2019 Lane Reports

How the European Union and California are Changing the Way Personal Data are Collected Online (and What That Means for You)

The Lane Report, December 2019
Monday, December 2, 2019 10:00 am
by Alexander Konetzki

How the European Union and California are Changing the Way Personal Data are Collected Online (and What That Means for You)

By Alexander Konetzki

We live in a data-driven world. In just over a decade, data has arguably become the most important currency in global commerce. Many companies collect as much personal data as possible about the individuals who interact with them through the online digital platforms those companies provide. They use that data to advertise with precision and to make their operations more efficient. They also repackage and sell their data to other companies.

All this personal-data collection has occurred largely in the absence of strict government regulation specifying what kinds of personal data can be collected and how personal data, once collected, must be protected. As a result, data breaches have become fairly commonplace, and some such breaches, including the 2013 Yahoo breach (3 billion accounts), the 2018 Marriott breach (500 million accounts), and the 2017 Equifax breach (143 million accounts), have been massive.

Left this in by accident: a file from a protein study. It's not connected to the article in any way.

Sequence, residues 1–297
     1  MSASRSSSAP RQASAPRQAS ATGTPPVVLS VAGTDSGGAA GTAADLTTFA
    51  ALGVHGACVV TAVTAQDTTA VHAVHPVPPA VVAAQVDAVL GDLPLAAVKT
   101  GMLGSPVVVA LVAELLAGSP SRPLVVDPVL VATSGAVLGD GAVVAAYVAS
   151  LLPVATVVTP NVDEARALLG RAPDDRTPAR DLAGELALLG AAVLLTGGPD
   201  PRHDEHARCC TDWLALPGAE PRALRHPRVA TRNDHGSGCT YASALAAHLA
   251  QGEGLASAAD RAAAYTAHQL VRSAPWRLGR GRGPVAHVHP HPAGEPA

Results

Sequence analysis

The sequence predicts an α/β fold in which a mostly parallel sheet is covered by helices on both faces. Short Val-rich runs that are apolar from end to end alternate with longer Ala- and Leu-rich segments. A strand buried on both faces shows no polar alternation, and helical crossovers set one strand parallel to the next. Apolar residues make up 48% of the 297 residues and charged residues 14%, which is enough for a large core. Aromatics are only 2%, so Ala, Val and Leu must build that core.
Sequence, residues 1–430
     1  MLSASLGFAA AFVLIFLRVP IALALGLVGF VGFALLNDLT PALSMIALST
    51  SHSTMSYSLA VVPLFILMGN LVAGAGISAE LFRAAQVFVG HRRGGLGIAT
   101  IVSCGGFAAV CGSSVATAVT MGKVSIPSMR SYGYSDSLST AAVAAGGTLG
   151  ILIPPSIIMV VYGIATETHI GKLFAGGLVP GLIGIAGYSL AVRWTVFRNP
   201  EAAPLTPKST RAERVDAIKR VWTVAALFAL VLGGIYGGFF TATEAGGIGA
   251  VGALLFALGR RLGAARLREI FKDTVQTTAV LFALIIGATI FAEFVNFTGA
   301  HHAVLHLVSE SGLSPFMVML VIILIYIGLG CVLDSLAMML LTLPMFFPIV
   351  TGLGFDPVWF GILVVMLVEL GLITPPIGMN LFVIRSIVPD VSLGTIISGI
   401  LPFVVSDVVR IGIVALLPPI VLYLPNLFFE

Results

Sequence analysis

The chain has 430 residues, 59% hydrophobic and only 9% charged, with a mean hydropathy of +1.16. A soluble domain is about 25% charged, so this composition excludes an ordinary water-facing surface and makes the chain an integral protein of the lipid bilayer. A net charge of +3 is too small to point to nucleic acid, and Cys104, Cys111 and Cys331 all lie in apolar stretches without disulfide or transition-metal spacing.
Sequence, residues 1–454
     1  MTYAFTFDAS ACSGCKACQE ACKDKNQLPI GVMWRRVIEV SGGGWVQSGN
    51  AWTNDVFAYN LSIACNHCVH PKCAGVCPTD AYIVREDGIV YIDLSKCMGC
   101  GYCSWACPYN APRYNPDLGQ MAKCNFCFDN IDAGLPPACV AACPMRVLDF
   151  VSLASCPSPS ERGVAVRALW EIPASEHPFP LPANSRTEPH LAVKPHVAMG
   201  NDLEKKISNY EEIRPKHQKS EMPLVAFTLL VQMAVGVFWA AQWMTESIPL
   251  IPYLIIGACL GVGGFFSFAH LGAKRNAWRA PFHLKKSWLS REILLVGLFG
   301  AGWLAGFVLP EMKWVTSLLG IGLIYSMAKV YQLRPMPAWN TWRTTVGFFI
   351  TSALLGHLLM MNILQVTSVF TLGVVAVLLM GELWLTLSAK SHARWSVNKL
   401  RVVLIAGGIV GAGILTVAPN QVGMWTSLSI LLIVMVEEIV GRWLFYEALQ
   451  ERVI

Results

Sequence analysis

Governments took notice. Now, they’ve taken action. The European Union has enacted the General Data Protection Regulation (GDPR), which protects the personal data of all EU citizens. It took effect in 2018. The State of California has adopted the California Consumer Privacy Act of 2018 (CCPA), which protects the personal data of all California residents. It takes effect January 1, 2020.

The GDPR and CCPA are groundbreaking. Because they govern the personal-data collection of more than 550 million individuals in two of the world’s largest markets, and impose significant financial penalties for non-compliance, they have the potential to set the governing standard for collecting and protecting personal data throughout the world. (It would likely be far too onerous for companies to maintain two different standards for data collection -- one for EU citizens and California residents and another for everyone else.)

For that reason, it’s critical that any organization that collects individuals’ personal data through a digital platform take action to determine 1) whether it is subject to the GDPR and CCPA’s requirements and, if so, 2) whether it needs to update the manner in which it collects and protects personal data to comply with said requirements.